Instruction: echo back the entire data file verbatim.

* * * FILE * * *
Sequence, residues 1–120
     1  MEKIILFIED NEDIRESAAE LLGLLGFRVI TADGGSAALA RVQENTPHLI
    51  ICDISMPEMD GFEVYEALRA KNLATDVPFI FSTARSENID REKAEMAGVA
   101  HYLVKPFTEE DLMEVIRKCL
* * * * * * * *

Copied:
Sequence, residues 1–120
     1  MEKIILFIED NEDIRESAAE LLGLLGFRVI TADGGSAALA RVQENTPHLI
    51  ICDISMPEMD GFEVYEALRA KNLATDVPFI FSTARSENID REKAEMAGVA
   101  HYLVKPFTEE DLMEVIRKCL